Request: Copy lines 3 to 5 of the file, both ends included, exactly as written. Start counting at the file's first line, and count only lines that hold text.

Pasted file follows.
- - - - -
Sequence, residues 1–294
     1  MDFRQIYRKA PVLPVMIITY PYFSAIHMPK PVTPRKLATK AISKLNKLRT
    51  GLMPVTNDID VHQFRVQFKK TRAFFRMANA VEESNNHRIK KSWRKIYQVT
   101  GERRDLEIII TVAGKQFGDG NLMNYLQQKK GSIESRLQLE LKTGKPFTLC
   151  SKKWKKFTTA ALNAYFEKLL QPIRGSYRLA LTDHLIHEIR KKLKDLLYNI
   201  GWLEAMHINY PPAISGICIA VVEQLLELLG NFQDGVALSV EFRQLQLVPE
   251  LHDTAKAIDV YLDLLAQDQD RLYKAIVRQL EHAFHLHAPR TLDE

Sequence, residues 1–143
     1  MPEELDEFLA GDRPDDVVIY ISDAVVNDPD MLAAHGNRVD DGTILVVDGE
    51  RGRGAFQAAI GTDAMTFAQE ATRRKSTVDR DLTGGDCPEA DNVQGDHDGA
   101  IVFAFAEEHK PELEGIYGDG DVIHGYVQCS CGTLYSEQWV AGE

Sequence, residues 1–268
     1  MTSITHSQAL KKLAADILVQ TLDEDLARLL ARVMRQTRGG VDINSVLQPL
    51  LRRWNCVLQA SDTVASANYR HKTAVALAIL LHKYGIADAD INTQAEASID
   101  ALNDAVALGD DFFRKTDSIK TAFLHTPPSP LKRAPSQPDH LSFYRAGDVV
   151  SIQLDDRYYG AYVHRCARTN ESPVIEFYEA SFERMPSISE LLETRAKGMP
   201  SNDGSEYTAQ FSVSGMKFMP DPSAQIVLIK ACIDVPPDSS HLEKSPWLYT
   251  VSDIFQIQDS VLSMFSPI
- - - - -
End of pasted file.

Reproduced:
    51  GLMPVTNDID VHQFRVQFKK TRAFFRMANA VEESNNHRIK KSWRKIYQVT
   101  GERRDLEIII TVAGKQFGDG NLMNYLQQKK GSIESRLQLE LKTGKPFTLC
   151  SKKWKKFTTA ALNAYFEKLL QPIRGSYRLA LTDHLIHEIR KKLKDLLYNI